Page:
The notion that horses can help a person overcome their psychological or mental health problems is intriguing; that they could assist with team building and leadership training even more so.
Sarah Stephens runs the Sprit and Soul Equine Assisted Activity Centre Community Interest Company (CIC) based in Kirk Langley. She had breast cancer at an early age; during her recovery period she continued to look after her horses and benefitted immensely from the regular interaction she had with them. It helped her to overcome many of the personal consequences of her cancer treatment. The positive impact on her was so profound that she decided to make a career change and develop a service to offer this therapy to others.
Sarah is joined by 2 other Directors on the board of the CIC, and the organisation is supported by volunteers who help out in the sessions, and with looking after the horses.
She is well qualified in looking after horses; she also graduated in Psychology and then subsequently studied Equine Assisted Therapy and Learning.
So why horses?
Many people are familiar with dealing with cats and dogs. As they are predators, the nature of their heightened senses are mainly geared towards hunting and this drives much of their behaviour. Horses are prey and so have a very different sense of their environment and, in particular, have an acute ability to pick up on remote physiological signals that express anxiety, fear, anger, aggression etc – even in humans. Their instinctive response to these signals is generally adverse and protective – to be cautious, distrustful, and to flee. At all times they need to be alert, and in control. Any response is normally immediate and expressed in a straightforward manner.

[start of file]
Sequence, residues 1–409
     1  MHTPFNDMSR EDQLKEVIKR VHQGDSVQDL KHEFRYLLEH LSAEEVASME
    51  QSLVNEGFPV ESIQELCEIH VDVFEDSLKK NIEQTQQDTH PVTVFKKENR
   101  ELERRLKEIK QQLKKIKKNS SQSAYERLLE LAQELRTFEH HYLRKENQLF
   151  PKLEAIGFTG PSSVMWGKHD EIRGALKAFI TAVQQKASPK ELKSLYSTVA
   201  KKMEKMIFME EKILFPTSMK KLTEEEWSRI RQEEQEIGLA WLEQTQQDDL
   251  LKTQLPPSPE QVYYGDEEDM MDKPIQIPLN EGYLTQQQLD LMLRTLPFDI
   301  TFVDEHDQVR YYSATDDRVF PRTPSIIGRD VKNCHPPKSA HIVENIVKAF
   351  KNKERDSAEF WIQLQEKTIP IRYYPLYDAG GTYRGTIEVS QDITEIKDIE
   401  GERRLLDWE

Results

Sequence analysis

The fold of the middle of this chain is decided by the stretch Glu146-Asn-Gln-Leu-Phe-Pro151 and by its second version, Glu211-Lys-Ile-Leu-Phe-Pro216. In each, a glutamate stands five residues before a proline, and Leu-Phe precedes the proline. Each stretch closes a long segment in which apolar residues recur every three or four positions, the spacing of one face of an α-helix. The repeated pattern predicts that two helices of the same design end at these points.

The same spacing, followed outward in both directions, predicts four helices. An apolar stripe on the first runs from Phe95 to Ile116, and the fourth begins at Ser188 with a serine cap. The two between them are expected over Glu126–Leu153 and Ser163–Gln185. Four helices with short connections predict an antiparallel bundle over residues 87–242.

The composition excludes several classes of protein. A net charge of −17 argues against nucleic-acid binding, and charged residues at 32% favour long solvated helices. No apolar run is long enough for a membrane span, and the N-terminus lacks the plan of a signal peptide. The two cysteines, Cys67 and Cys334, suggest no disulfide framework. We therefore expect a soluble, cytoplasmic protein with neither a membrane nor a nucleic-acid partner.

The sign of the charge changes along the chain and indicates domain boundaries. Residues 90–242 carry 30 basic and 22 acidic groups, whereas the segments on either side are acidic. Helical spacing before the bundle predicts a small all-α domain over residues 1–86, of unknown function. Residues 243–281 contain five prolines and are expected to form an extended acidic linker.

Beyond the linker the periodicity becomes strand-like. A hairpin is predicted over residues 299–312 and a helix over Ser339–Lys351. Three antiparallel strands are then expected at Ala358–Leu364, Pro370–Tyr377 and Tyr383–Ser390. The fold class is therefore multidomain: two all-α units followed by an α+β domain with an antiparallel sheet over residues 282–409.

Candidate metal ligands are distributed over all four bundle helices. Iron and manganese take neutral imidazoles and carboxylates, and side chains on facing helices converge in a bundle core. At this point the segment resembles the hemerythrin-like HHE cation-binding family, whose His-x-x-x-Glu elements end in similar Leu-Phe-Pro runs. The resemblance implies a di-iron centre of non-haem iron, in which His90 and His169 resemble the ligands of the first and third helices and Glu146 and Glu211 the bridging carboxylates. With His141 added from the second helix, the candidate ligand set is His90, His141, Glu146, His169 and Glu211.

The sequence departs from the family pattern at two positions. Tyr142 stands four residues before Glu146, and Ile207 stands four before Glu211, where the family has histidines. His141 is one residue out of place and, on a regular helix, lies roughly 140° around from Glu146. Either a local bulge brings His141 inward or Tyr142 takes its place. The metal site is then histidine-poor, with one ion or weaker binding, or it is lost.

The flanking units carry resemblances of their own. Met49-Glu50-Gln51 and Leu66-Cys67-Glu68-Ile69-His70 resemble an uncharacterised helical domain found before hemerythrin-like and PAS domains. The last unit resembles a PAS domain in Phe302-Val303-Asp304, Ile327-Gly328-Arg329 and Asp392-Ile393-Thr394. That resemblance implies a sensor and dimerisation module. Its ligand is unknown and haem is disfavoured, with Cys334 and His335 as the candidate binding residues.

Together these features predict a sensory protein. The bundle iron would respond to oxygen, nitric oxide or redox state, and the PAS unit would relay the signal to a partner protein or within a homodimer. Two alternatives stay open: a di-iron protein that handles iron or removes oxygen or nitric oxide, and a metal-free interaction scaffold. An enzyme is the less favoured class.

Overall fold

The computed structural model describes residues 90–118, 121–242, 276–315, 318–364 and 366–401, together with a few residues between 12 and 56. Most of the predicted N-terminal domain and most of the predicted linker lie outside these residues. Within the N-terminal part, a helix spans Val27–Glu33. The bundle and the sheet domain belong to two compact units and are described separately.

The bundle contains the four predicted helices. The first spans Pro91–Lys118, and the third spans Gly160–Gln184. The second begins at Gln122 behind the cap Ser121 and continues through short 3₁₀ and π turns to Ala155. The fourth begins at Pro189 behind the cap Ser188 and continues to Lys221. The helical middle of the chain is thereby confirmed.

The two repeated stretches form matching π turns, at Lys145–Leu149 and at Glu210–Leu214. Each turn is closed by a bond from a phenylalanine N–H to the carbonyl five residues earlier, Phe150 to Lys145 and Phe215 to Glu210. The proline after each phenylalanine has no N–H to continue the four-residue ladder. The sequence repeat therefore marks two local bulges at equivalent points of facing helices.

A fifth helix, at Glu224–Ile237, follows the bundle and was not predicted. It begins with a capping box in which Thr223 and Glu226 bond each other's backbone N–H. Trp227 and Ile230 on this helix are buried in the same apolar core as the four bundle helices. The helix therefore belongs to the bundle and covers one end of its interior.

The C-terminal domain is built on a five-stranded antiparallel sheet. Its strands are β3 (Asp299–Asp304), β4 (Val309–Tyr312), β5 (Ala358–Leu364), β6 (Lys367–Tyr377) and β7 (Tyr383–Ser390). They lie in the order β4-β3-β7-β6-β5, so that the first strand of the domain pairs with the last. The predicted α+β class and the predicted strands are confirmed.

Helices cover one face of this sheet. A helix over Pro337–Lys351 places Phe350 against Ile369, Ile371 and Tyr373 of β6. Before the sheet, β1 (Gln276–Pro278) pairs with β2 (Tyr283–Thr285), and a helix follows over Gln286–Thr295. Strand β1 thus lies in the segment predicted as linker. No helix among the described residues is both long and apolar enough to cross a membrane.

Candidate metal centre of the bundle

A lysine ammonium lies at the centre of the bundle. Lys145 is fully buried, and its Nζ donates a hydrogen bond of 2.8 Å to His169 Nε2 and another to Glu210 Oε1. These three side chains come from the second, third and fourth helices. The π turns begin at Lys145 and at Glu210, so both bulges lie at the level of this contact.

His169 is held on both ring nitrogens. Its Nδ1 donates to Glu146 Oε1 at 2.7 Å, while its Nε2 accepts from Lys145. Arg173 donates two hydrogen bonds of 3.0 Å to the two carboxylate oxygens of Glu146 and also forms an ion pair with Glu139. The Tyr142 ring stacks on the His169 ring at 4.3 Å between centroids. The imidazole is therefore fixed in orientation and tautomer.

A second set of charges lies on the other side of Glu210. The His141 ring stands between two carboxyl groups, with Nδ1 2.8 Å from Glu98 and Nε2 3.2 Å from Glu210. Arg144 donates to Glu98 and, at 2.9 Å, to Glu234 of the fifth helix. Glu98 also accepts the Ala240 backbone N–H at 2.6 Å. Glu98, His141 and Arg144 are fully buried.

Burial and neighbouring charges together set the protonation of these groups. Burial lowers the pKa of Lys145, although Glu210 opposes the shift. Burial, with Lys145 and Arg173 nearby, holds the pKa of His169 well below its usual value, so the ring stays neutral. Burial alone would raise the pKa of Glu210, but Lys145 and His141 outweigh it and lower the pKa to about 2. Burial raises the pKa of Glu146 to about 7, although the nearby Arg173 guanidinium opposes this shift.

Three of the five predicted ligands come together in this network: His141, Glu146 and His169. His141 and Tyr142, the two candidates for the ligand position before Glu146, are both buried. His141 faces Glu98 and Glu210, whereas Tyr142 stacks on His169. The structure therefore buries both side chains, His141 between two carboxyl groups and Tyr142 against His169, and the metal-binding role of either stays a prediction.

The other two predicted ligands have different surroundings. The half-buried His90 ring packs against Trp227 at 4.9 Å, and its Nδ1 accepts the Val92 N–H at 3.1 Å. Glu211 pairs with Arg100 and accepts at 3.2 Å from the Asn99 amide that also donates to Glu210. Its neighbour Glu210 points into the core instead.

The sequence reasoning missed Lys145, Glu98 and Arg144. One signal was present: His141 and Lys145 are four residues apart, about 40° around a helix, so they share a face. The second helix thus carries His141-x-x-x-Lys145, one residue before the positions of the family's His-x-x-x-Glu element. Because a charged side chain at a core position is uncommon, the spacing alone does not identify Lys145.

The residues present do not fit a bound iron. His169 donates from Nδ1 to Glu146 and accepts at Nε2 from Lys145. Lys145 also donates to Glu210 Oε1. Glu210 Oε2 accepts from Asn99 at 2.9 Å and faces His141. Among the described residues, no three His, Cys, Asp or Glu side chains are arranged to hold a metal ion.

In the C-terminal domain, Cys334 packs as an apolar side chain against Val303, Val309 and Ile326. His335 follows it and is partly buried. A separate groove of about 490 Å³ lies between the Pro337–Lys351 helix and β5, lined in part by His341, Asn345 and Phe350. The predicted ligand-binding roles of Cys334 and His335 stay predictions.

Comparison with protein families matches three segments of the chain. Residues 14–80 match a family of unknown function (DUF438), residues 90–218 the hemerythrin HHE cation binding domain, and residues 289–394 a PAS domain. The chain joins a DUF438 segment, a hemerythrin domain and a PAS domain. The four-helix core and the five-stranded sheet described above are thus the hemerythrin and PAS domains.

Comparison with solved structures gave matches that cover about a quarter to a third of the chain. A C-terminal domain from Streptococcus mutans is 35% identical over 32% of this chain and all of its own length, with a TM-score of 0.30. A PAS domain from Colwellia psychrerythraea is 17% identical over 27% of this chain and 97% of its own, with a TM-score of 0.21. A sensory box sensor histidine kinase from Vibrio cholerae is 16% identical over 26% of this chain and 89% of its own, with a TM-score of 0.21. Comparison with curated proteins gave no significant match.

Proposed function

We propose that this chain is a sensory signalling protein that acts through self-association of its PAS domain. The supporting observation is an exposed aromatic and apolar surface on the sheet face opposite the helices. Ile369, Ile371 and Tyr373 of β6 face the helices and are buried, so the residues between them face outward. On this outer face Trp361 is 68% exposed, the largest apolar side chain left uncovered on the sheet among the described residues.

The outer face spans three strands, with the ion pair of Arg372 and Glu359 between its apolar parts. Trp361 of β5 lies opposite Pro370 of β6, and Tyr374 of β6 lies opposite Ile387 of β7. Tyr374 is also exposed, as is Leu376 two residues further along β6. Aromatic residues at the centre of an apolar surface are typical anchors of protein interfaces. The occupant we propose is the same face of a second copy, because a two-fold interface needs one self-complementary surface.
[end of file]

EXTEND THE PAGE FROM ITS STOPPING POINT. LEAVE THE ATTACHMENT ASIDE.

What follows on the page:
People who benefit from Equine Assisted therapy will tend to have trust, self-esteem, or confidence issues, or are suffering from a trauma or a similar condition. A human therapist might take a number of sessions to pick up on the nuances of the person’s diagnosis, the horse will feel it a lot quicker. Sarah, as a trained facilitator, draws on the horse’s reactions during the sessions, to ask questions, prompt ideas, explore problems etc. – the horse helps in guiding the diagnosis through the interaction.
As the person learns more about themselves, works closer with the horse, gains its trust, and is able to respond positively to the horse’s reactions and behaviour then then the client will start making progress.
The sessions will involve demonstrating and challenging that new found trust with the horse.
One of the most innovative, and counter-intuitive exercises is using the horse as a “white board”. In addition to the therapeutic effects of being outside, and walking around, writing and drawing can externalise ideas and issues. But on a horse? Perhaps it needs to be tried to be understood….
Spirit and Soul also offer group sessions which use a variety of techniques and approaches to support team-working and leadership. From developing a knowledge of horsemanship through to developing mutual trust by, for example, helping a blind-folded colleague lead a horse.
Spirit and Soul is a Community Interest Company. Its purpose is not to make a profit, but to cover costs. People looking to use the service either pay for themselves, bring personal budgets with them, or are within a specific population which are subject to external funding. Spirit and Soul has recently secured a grant from the National Lottery focussed on people who have come out of abusive relationships.
There are some people who could benefit from the service, but are not in a position to self-fund, or are not eligible for project funding opportunities. To address this, Derby News has awarded a grant to Spirit and Soul to be used to cover this gap, and to ensure that people who are in genuine need can benefit from this service.
If you are interested in using Equine Assisted Therapy and are not sure then please contact Sarah Stephens – DETAILS
Categories: Derby News Community Grant